The Toronto Maple Leafs waited a while before settling on a backup goalie for 2016-17. On Aug. 22, they gave Jhonas Enroth a one-year, $750,000 deal to be the No. 2 behind Frederik Andersen.

A quarter of the way through the season, it is not looking like a very good signing. Enroth fell to 0-3-1 with last night’s 3-0 loss to the Calgary Flames, who beat him twice in the first minute of the game.

“The first goal I didn’t get to my position and that’s on me,” Enroth said afterwards. “Maybe I was a little bit slow on the pass out. On the second goal it was just a bang-bang play. Not much to do there I think.”

Enroth spent last season with the Los Angeles Kings. He only started 13 games behind workhouse Jonathan Quick, but managed to put up decent numbers, going 7-5-1 with a .922 save percentage.

This season, his save percentage is a lowly .872. And for a bubble team like the Maple Leafs, that’s not something they can afford in their push to make the playoffs for the first time since 2013.

The good news for the Leafs is that Andersen has been much better since his own tough start. He won eight games in November, finishing with a .931 save percentage for the month. Barring the unexpected, he’ll get the start Saturday in Vancouver.

The Leafs should be a motivated group against the Canucks. Their coach, Mike Babcock, was left fuming after the performance in Calgary.

“As a team, as a coaching staff, as a goaltender we weren’t ready and end up giving up your full day of preparation in the first five minutes or whatever it is,” said Babcock. “There’s no excuse for that.”

Pre-game reading: What will David Pastrnak’s next contract look like?

— Up top, a reminder that Connor McDavid is the fastest kid alive.

David Pastrnak has 13 goals in his first 18 games of the season. He’s also a pending restricted free agent, which begs the question — what kind of deal should he get from the Boston Bruins? The Globe argues for a long-term pact, and that may indeed be the best course of action, depending on the final cap hit. But the B’s already have a bunch of big contracts on the books, so you have to wonder if they might push for a bridge. That’s what Brad Marchand did in 2011, before cashing in on his next two contracts. (Boston Globe)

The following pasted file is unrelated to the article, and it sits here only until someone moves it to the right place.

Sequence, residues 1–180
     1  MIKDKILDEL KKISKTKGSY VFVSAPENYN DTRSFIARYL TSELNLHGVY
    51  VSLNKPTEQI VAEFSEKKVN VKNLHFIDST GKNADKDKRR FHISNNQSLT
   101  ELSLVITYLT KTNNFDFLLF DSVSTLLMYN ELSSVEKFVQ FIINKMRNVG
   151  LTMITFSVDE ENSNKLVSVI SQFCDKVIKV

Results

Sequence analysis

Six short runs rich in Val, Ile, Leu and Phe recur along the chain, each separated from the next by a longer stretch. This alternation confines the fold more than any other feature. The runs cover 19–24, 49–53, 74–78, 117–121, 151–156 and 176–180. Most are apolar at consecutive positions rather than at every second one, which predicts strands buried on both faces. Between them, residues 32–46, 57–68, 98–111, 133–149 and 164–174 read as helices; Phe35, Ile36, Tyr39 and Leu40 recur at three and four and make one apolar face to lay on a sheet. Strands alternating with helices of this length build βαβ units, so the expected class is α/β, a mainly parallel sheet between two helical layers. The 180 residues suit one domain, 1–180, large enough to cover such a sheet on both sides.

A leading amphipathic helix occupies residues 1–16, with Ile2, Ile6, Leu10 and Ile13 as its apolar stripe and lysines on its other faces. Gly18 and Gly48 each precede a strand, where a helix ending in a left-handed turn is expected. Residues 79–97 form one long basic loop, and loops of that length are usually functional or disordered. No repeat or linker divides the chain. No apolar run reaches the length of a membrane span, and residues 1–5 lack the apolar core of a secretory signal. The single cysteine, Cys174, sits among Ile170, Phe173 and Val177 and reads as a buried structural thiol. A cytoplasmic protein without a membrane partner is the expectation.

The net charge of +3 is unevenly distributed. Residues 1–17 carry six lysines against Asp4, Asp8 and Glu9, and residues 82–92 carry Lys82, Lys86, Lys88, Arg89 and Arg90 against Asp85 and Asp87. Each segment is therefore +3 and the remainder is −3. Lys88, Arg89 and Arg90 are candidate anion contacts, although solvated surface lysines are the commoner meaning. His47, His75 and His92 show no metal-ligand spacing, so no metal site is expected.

— Could Marian Hossa become the next Jaromir Jagr? It’s a good question — in fact, we’ve asked it before. The answer will become even more important next season when Hossa’s salary falls to just $1 million for the remaining four years of his contract. Hossa, 37, said prior to the current season that he was going to take things “year-by-year.” The way he’s played so far, it sure doesn’t look like he needs to retire. (Chicago Sun-Times)

Devan Dubnyk has been practically unbeatable in Minnesota’s crease. Among NHL starters, only Carey Price‘s .947 save percentage is higher than his .946 mark. But Dubnyk doesn’t want to get too hung up on his numbers. “Obviously you can look at them all you want between games, but if you’re so worried about what they’re going to be it’s going to affect how you feel, and how you react to getting scored on during a game, because it’s going to bother you if you give up two on seven shots early in the game and you’re worried about improving your stats instead of just the next save, that could have an effect on what you’re doing.” (NHL.com)

— Did you know Mike Richter was once a member of the Nashville Predators? Find out how that ever happened by reading this list of five NHLers you didn’t know got picked in expansion drafts. (The Hockey News)

— The Arizona Coyotes don’t intend to lend winger Lawson Crouse or defensemen Jakob Chychrun to Canada’s World Juniors entry. Arizona prospect Dylan Strome was named yesterday to Canada’s selection camp, but he’s not on the Coyotes’ NHL roster anymore after being returned to his junior team earlier this month. (Arizona Republic)